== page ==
Mt. Diamond

A Diamond in the Sky

For our final part day in Valdez, Brant and I decided to explore Mt. Diamond, an iconic peak that towers nearly six thousand feet above the Richardson Highway.

Mt. Diamond looms above.

We began just as we had on Friday, approaching the zone for the Stairway Chutes. Then we continued up the glacier to the head of the valley beneath the intimidating west face of Mt. Diamond. We talked to some locals who informed us that the west facing chutes were called “The Gunbarrels”.

Looking up at the Gunbarrels.

The Gunbarrels were guarded by a small bergschrund at the bottom, which looked easy to cross, and some formidable cornices up top. Although it was a cold, calm day and cornice failure seemed unlikely, the ruins of a cornice fall at the base of the runs reminded us about the overhead hazard. Since we were not 100% sure about the conditions, we decided to pass on these exposed lines and looked for an alternative.

To our left, tucked away, there was a south facing couloir that led to the ridge. We hypothesized that it would give us access to the north bowl of Diamond, which our French friends raved about. So we decided to head up that way.

Can you spot the two skiers climbing up the chute?
Can you spot them now?

This was likely our final climb of the trip, and it turned out to be our hardest. Each step, we broke through a sun crust to deep unsupportable sugary snow. It was slow trailbreaking, and our muscles were tired after a huge day the day before. We took frequent breaks to watch our neighbors shred their line in the Stairway Chutes.

Can you spot the skier?

At the top of the couloir, we turned the corner onto a northwest facing snow slope and the snow suddenly turned to legit blower powder. Not that recycled, slightly funky pow we had skied most of the trip, but true blower pow. Somehow, on one of the highest peaks in the region, the snow was the most unaffected by sun and wind.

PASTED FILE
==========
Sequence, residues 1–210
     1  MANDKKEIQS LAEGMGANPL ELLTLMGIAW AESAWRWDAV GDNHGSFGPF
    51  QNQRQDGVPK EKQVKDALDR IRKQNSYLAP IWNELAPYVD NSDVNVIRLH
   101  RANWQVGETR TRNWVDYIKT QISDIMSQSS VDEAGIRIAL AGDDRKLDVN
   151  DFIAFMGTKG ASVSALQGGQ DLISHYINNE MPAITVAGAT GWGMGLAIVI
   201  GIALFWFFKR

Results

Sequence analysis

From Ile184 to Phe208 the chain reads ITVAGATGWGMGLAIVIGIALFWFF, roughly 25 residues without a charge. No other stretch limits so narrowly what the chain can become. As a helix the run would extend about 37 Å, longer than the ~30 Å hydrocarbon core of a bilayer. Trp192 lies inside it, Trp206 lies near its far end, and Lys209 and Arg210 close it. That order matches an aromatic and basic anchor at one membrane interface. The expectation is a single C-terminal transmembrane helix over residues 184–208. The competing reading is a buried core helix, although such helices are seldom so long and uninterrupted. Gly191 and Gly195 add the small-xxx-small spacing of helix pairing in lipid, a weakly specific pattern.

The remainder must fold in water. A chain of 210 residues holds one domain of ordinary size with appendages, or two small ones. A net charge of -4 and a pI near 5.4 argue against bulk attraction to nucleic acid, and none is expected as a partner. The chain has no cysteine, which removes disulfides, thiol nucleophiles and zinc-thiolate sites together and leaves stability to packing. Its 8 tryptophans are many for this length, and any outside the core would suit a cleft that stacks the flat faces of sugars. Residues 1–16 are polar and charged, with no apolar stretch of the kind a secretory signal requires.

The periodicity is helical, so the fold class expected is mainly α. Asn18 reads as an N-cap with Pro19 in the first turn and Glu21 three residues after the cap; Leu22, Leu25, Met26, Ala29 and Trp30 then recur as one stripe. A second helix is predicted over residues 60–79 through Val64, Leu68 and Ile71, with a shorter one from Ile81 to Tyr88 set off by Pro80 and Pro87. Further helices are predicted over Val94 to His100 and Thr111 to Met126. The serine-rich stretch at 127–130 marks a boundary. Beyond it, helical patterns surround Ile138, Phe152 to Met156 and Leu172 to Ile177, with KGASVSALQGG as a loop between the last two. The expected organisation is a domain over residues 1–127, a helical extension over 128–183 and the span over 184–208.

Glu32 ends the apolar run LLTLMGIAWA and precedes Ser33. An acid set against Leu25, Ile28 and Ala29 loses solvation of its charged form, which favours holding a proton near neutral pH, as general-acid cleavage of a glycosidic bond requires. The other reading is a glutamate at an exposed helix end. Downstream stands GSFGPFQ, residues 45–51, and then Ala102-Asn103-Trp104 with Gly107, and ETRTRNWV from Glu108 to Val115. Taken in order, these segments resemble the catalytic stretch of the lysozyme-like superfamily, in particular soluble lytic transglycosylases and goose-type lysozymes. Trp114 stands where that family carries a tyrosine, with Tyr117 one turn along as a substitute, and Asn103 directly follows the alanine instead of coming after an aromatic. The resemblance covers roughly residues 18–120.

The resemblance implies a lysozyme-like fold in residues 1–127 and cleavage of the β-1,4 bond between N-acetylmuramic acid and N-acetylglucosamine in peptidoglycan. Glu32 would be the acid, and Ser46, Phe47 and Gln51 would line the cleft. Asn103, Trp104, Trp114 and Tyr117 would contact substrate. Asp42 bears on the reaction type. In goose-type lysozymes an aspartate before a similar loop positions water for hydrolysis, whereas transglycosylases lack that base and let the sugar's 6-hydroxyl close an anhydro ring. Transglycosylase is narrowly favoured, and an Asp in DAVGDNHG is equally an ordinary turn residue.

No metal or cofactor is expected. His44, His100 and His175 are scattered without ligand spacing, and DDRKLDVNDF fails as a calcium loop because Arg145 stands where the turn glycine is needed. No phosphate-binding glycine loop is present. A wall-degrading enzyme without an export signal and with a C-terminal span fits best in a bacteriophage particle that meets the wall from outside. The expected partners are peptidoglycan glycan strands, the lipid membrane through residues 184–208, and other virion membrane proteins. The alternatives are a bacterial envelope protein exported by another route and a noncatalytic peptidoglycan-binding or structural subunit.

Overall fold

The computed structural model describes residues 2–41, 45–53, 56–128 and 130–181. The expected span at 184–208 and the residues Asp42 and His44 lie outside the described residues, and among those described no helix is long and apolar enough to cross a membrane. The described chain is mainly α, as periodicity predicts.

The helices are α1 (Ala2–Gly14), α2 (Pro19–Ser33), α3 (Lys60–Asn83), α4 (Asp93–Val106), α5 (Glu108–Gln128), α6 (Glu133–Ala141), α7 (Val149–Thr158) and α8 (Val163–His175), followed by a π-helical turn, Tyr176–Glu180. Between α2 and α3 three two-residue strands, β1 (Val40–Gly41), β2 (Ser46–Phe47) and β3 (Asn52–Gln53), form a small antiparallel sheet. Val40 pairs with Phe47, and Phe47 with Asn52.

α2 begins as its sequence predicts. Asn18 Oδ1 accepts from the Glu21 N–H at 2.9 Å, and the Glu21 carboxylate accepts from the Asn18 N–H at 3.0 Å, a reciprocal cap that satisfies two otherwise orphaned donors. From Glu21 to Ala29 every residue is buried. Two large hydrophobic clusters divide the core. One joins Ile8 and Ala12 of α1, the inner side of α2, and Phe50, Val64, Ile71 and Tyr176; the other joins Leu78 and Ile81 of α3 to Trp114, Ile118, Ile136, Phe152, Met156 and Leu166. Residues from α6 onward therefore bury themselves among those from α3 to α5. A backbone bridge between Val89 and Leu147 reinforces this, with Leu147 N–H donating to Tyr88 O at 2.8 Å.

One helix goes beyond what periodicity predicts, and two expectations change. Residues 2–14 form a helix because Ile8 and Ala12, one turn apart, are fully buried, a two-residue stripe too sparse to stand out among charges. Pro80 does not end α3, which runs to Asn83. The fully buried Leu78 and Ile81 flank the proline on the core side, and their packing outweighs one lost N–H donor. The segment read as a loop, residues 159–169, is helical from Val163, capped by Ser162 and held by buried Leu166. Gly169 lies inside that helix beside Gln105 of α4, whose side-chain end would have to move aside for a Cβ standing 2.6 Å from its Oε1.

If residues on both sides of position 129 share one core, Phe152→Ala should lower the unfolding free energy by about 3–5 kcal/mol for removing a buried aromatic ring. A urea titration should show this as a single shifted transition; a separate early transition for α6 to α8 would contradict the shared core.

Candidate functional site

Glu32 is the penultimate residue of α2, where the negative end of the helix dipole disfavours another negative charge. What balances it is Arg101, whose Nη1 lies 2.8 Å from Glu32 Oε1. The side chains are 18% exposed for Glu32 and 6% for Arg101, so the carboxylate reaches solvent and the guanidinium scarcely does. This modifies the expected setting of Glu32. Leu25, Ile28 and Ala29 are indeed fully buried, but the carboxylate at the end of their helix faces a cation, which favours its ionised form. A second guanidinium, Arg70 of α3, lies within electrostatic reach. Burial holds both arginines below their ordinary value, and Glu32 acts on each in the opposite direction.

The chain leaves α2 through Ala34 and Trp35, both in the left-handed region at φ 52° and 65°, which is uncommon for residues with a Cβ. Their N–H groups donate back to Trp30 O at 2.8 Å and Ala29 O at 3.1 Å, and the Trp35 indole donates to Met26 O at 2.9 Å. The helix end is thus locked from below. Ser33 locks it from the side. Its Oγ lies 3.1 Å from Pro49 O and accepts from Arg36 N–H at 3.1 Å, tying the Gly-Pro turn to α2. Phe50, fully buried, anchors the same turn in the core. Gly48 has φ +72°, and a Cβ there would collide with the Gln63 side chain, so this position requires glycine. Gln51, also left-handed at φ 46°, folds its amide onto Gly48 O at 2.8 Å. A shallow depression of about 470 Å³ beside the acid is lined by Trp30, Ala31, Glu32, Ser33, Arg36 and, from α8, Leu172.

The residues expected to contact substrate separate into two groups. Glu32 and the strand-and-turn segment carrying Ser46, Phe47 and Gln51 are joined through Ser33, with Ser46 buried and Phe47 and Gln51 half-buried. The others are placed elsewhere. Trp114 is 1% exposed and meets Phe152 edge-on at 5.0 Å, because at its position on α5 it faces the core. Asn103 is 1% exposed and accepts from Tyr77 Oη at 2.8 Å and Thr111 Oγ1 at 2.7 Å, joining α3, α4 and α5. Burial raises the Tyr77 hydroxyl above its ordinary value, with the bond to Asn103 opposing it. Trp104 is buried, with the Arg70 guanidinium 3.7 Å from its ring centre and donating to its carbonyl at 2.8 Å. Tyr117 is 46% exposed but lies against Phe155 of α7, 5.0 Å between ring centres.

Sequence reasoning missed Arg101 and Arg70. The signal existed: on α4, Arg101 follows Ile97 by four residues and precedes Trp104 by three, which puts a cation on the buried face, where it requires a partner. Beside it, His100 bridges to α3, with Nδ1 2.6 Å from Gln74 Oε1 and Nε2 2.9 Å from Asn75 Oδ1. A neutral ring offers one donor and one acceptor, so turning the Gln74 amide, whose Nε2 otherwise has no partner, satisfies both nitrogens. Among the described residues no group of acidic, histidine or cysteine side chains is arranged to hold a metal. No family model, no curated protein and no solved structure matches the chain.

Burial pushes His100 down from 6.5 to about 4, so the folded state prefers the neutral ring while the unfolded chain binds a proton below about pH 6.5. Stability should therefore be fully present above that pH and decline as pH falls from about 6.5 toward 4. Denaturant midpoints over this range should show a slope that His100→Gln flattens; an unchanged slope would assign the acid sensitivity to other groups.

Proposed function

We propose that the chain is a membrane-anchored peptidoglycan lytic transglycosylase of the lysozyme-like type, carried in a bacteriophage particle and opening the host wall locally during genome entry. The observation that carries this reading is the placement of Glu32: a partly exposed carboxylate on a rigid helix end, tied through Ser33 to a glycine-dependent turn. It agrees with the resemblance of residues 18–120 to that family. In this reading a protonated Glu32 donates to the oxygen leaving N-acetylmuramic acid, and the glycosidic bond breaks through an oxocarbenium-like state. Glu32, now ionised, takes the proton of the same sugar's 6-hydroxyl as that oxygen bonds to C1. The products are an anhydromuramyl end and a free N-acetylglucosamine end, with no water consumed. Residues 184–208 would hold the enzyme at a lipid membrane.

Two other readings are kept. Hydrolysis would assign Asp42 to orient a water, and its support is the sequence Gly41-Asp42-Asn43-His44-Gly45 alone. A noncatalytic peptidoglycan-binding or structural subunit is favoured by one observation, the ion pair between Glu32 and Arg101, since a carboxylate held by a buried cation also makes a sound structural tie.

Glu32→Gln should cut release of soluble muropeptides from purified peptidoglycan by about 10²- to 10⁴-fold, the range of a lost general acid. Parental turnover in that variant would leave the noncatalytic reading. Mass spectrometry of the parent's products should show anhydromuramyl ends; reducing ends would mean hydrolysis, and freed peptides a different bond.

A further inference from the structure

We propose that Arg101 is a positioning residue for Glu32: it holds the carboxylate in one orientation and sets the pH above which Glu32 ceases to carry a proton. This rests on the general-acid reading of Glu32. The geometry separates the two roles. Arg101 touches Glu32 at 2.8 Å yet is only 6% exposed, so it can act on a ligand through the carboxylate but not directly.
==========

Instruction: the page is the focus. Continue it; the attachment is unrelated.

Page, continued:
Stairway to heaven.

We booted up a snowy shoulder around 6700 ft and took a long lunch break to admire the view. At 6700 ft, this was the highest point of our entire trip. People from the Rockies would laugh at us, but these mountains feel bigger than any of Colorado’s hills.

We decided that the final slope we booted up was too good to pass on, so we took a short lap. It was quite possibly the best turns of the trip, even though it was just a few turns. Our position towered over the Stairway Chutes, Cracked Ice, Python Peak and really all the terrain we had skied so far.

A Diamond in the Sky.

After the short run, we booted back up to the ridge and dropped into the large north facing bowl of Diamond. It was a bit tracked out in the choke, but once we got to more mellow slopes, we once again found excellent preserved pow and mini golf terrain all the way back to the car!

Looking back on the north bowl, which we came down.

We felt completely satisfied as we packed up the car and began the beautiful drive back to Anchorage.

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